Confocal microscopy

Subcellular localization of DXS-GFP and chlorophyll fluorescence was determined with an Olympus FV 1000 confocal laser-scanning microscope using an argon laser for excitation (at 488 nm) and 500–510 nm filter for detection of GFP fluorescence and 610–700 nm filter for detection of chlorophyll fluorescence. All images were acquired using the same confocal parameters.

Supporting information

S1 Fig. Interference with PGE does not affect DXS expression.

PGE was partially blocked either pharmacologically (by germinating and growing WT plants in the presence of 15μM LIN) or genetically (rif10-2 and svr8-2 mutants). Both WT+LIN and mutant plants showed a similar reduction in chlorophyll levels compared to untreated WT controls (left graph) but no differences in the levels of DXS transcripts (right graph). Chlorophyll quantification and DXS mRNA levels of 10-day-old WT, WT LIN-treated (15μM), rif10-2 and svr8-2. Data correspond to the mean and SEM values of n = 3 independent experiments.


S2 Fig. Transcript levels of genes encoding stromal chaperones, heat-shock related proteins, Clp protease complex subunits, and DXS after a heat shock.

Data were obtained from the Arabidopsis eFP browser at and correspond to the gene expression map of Arabidopsis abiotic (heat) stress treatment. Briefly, boxes with Arabidopsis plants grown under LD conditions on polypropylene rafts on MS medium supplemented with 0.5% agar and 0.5% sucrose were transferred from the growth chamber (at 24°C) to an incubator and exposed to a temperature of 38°C for 3h. Then, they were returned to the growth chamber and samples were collected at the indicated times. The results shown correspond to shoot samples.


S3 Fig. Quantitative (qPCR) analysis of the expression of genes encoding ClpR1, ClpC1, ClpB3 and DXS in response to LIN.

WT seedlings grown for 7 days on a mesh on top of MS solid medium were transferred to fresh medium containing 400 μM LIN and then whole-plant samples were collected at the indicated timepoints. Transcript levels are represented relative to untreated (0h) samples. Data correspond to the mean and SEM values of n≥3 independent experiments.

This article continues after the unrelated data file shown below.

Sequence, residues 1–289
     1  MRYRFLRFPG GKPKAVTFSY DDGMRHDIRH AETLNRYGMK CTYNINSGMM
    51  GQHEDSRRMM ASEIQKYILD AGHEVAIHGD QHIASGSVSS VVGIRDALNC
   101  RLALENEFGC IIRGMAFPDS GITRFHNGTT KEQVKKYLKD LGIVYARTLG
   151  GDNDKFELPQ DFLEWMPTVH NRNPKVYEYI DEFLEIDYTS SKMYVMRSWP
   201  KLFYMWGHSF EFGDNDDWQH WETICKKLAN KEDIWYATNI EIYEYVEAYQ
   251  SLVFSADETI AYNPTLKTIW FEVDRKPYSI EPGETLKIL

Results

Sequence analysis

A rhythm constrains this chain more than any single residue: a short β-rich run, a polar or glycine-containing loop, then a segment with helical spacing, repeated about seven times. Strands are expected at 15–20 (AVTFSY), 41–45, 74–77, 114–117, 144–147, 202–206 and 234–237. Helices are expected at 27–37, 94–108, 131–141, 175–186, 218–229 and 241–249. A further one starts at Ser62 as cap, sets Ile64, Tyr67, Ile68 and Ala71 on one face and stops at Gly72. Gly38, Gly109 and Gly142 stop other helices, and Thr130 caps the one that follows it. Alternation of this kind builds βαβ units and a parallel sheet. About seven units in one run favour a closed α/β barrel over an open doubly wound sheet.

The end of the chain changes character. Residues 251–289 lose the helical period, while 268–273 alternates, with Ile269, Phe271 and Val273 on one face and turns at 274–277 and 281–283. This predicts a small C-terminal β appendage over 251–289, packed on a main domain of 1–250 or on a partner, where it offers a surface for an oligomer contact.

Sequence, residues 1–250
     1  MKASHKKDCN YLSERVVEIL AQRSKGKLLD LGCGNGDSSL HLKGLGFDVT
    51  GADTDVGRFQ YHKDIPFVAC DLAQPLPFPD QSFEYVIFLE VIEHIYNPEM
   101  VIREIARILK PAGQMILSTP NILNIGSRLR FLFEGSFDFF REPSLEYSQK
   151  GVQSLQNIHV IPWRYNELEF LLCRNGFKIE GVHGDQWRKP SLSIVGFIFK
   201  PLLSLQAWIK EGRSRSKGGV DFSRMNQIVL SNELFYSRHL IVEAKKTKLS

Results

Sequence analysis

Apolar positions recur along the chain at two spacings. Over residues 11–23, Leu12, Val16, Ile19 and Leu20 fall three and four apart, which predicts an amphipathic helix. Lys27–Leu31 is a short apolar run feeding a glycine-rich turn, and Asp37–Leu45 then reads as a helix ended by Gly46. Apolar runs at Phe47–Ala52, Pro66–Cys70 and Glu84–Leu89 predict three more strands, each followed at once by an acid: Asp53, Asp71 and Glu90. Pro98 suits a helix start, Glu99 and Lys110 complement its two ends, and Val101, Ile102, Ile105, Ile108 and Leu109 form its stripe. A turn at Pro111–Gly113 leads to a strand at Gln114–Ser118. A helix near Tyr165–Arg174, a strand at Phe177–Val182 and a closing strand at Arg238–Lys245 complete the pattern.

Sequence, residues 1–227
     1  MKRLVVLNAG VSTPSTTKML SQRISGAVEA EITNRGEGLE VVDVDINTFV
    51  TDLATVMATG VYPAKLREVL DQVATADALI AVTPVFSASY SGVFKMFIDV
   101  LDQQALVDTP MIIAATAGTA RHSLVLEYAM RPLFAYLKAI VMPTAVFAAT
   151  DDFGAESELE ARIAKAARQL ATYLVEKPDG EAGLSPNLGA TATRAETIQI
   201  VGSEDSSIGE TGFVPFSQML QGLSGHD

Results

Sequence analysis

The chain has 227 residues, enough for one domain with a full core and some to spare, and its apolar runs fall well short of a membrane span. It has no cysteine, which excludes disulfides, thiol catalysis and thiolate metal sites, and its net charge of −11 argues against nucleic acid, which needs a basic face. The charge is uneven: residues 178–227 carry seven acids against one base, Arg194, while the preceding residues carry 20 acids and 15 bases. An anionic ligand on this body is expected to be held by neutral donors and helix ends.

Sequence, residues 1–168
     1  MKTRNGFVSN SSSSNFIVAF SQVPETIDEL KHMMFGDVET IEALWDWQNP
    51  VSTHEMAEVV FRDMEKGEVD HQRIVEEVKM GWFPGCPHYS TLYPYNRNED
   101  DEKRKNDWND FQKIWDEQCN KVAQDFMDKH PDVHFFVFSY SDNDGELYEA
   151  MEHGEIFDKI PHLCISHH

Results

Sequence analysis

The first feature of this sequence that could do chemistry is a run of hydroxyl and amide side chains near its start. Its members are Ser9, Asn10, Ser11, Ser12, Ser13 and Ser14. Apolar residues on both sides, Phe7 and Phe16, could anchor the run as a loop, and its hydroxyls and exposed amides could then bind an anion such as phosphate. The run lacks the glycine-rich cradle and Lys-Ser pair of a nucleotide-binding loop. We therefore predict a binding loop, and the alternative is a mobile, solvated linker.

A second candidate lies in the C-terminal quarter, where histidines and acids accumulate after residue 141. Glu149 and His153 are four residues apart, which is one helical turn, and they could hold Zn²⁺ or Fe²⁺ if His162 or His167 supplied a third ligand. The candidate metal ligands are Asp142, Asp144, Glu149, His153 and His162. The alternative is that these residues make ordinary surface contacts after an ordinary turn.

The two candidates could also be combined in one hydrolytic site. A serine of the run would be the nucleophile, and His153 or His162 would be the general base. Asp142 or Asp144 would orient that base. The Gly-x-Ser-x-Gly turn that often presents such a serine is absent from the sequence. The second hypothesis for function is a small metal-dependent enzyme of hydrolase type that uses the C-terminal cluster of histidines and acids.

S4 Fig. LIN treatment suppresses var2 variegation.

Picture shows representative individuals of WT and var2 plants germinated and grown for 10 days in the presence or absence of LIN (15μM). Bar, 5 mm.


S5 Fig. Heat stress improves resistance to FSM.

(A) Resistance was estimated by quantifying SE of 14-day-old WT seedlings germinated and grown at 22°C on plates of MS media supplemented with 30 μM FSM. Heat treatment was carried out by exposing the plates with the seedlings every day to 37°C for 90min. (B) Representative images of the seedlings.


S6 Fig. Levels of ClpB3 transcripts in retrograde signaling mutants after LIN treatment.

Transcript levels were quantified by qPCR analysis before and after transferring WT and mutant plants to medium with 400 μM LIN for 2h. Levels are represented relative to those in untreated (0h) controls. Data correspond to the mean and SEM values of n = 3 experiments. The csb3 mutant accumulates abnormally high levels of MEcPP. See Materials and methods for references on the mutants.


S7 Fig. Transcript and protein levels of plastidial chaperones, heat shock related proteins, and MEP pathway enzymes in the MEcPP-accumulating mutant ceh1.

Levels are represented relative to those in WT plants. Data taken from Walley et al. (2015) Proc Natl Acad Sci USA 112: 6212–7, Supplemental Dataset S1. Hsp21 and HsfA2 proteins were not detected.


S1 Table. List of primers for qPCR.

References are indicated.



We are grateful to W. Sakamoto and R.M. Larkin for providing seed from var2 and gun mutant lines, respectively. We thank Ines Ramos and M. Rosa Rodriguez-Goberna for help with experiments.